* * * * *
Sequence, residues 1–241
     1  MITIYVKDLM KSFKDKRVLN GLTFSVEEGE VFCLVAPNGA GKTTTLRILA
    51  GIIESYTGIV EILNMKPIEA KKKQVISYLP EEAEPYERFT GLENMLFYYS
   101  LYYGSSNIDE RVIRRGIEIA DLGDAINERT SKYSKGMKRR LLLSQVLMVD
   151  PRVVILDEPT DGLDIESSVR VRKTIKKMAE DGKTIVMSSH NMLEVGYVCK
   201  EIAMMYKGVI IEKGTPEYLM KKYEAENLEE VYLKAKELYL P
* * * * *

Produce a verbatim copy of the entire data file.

Sequence, residues 1–241
     1  MITIYVKDLM KSFKDKRVLN GLTFSVEEGE VFCLVAPNGA GKTTTLRILA
    51  GIIESYTGIV EILNMKPIEA KKKQVISYLP EEAEPYERFT GLENMLFYYS
   101  LYYGSSNIDE RVIRRGIEIA DLGDAINERT SKYSKGMKRR LLLSQVLMVD
   151  PRVVILDEPT DGLDIESSVR VRKTIKKMAE DGKTIVMSSH NMLEVGYVCK
   201  EIAMMYKGVI IEKGTPEYLM KKYEAENLEE VYLKAKELYL P